Cutting rafter birdsmouth

Cutting rafter birdsmouth
Video Cutting rafter birdsmouth

How to use a framing square to lay out the birds mouth cut on a rafter.

This article series explains how to use a framing square and in companion articles we give examples just about every possible way to figure out any or all roof, stair, or other building framing dimensions and measurements including problems such as figuring the roof area, width, length, and roof or stairway slope, rise, run, and unit rise in inches per foot.

We also provide an ARTICLE INDEX for this topic, or you can try the page top or bottom SEARCH BOX as a quick way to find information you need.

Roof Framing: Location of the Bird’s Mouth Cutout in the Rafter

Details of birdHere we explain how to be sure you’re using the correct rafter line length to locate the plumb cut portion of the bird’s mouth, followed by marking the horizontal or level cut line for the resting surface of the rafter on the wall top plate.

Take care when measuring, locating, and marking the birds’ mouth cutout at the rafter’s lower section where the rafter sits astride the top plate.

[Click to enlarge any image]

The upper end of a rafter rests against the ridge board in modern framing or against an opposing rafter’s plumb cut in antique framing.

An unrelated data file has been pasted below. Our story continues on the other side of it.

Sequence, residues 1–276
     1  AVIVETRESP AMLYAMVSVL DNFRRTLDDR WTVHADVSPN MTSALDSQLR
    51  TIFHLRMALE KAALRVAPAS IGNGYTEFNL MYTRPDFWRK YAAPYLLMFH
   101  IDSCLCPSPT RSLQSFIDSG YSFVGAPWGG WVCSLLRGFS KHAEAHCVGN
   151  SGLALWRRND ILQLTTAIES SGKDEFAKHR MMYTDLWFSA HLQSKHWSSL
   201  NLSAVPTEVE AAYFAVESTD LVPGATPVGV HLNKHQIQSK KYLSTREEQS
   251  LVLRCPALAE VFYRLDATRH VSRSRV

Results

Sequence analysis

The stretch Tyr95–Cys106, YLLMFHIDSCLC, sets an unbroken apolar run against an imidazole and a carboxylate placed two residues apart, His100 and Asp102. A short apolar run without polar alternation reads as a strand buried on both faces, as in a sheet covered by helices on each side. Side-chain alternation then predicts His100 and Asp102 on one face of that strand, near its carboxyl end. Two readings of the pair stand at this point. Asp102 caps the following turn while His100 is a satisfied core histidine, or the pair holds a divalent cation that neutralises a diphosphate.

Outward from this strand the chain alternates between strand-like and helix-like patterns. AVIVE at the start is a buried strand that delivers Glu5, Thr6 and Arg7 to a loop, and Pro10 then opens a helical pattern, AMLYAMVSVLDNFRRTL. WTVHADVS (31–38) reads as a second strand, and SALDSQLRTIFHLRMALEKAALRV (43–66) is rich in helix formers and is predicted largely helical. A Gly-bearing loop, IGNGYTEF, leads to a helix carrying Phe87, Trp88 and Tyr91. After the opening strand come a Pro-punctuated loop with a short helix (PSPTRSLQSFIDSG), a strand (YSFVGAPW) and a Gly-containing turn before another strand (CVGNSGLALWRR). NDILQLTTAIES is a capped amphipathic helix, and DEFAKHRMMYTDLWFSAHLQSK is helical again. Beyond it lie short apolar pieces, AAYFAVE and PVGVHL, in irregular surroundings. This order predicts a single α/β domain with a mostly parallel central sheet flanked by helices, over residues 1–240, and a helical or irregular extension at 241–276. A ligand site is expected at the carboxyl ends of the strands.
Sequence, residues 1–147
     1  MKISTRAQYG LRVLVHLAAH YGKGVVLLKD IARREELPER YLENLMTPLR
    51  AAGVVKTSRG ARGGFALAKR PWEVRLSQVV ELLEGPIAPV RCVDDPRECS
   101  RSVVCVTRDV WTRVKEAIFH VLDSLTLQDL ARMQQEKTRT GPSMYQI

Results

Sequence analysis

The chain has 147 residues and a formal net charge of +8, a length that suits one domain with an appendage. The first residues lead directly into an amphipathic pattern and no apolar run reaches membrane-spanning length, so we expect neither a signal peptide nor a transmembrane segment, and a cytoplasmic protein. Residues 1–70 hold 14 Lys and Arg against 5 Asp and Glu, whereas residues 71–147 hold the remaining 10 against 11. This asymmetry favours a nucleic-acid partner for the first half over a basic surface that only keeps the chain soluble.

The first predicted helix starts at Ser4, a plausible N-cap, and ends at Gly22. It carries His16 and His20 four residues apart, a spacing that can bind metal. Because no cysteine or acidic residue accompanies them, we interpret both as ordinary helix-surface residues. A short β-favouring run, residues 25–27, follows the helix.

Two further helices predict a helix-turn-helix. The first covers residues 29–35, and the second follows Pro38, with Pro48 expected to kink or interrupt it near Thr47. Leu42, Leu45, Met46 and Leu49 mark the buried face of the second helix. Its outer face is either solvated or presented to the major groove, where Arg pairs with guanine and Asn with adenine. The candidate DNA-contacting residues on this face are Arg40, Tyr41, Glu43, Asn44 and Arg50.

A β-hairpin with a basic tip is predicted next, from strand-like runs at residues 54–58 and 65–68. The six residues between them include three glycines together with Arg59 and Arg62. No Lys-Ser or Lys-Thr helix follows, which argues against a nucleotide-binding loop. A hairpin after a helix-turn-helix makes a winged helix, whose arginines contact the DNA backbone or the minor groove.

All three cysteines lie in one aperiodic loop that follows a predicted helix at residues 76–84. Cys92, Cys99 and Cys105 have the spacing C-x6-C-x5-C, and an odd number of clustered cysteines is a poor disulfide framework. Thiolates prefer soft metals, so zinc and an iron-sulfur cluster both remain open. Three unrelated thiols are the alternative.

Where the lower segment of a rafter sits on the wall top plate, or in our example shown at the top of this page, atop a built-up beam for a porch roof, a notch or bird’s mouth cut is made to provide nailing surfaces to connect the rafter to the wall top or girder top.

How to Locate the bird’s mouth cut

The rafter’s line length, measured from the face of its plumb cut to the outer edge of the wall top plate is in fact the exact location of the plumb-notch cut into the lower portion of the rafter where it will sit on the top plate.

Using our earlier Example 1: 18/12 roof slope with a 10-foot horizontal run distance (center of ridge to outer face of wall top plate) we used the framing square to calculate the rafter line length:

Rafter Line Length ridge to top plate outer face = 216.3″ / 12 = 18.025 ft.

Now we must shorten that length by half the thickness of the ridge board (using 2x lumber that is really 1 1/2″ thick for the ridge board) then we shorten that rafter line length by 3/4″.

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The accurate rafter line length from the face of the ridge board to the outer face of the wall top plate will then be:

Bird’s Mouth Heel Cut Location ( 216.3″ – 0.75″) = 215.55″ or 17.96 ft. rafter line length, which could be rounded to 18 feet exactly since nobody can see 4 hundredths of an inch along their tape measure.

Location of the birdThat’s the corrected rafter line length distance from ridge board face to outer face of the wall top plate and that tells us where to make bird’s mouth notch to nail the rafter to the top plate.